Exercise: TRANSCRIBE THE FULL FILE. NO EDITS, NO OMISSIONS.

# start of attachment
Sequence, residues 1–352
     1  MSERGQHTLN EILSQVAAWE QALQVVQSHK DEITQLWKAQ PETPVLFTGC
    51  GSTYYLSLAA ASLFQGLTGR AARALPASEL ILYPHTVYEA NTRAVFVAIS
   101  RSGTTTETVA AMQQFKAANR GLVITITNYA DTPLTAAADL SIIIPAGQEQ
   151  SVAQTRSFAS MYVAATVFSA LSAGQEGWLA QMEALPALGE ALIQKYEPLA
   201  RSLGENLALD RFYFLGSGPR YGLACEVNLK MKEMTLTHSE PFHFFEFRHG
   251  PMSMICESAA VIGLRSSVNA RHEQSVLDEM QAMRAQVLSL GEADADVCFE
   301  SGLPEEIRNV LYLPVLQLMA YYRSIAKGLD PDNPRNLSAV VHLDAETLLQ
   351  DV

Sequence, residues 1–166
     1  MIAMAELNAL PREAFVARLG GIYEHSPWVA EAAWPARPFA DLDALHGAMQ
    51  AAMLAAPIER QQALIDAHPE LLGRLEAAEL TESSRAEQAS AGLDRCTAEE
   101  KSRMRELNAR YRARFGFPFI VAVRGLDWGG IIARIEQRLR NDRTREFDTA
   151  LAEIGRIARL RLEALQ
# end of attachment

Sequence, residues 1–352
     1  MSERGQHTLN EILSQVAAWE QALQVVQSHK DEITQLWKAQ PETPVLFTGC
    51  GSTYYLSLAA ASLFQGLTGR AARALPASEL ILYPHTVYEA NTRAVFVAIS
   101  RSGTTTETVA AMQQFKAANR GLVITITNYA DTPLTAAADL SIIIPAGQEQ
   151  SVAQTRSFAS MYVAATVFSA LSAGQEGWLA QMEALPALGE ALIQKYEPLA
   201  RSLGENLALD RFYFLGSGPR YGLACEVNLK MKEMTLTHSE PFHFFEFRHG
   251  PMSMICESAA VIGLRSSVNA RHEQSVLDEM QAMRAQVLSL GEADADVCFE
   301  SGLPEEIRNV LYLPVLQLMA YYRSIAKGLD PDNPRNLSAV VHLDAETLLQ
   351  DV

Sequence, residues 1–166
     1  MIAMAELNAL PREAFVARLG GIYEHSPWVA EAAWPARPFA DLDALHGAMQ
    51  AAMLAAPIER QQALIDAHPE LLGRLEAAEL TESSRAEQAS AGLDRCTAEE
   101  KSRMRELNAR YRARFGFPFI VAVRGLDWGG IIARIEQRLR NDRTREFDTA
   151  LAEIGRIARL RLEALQ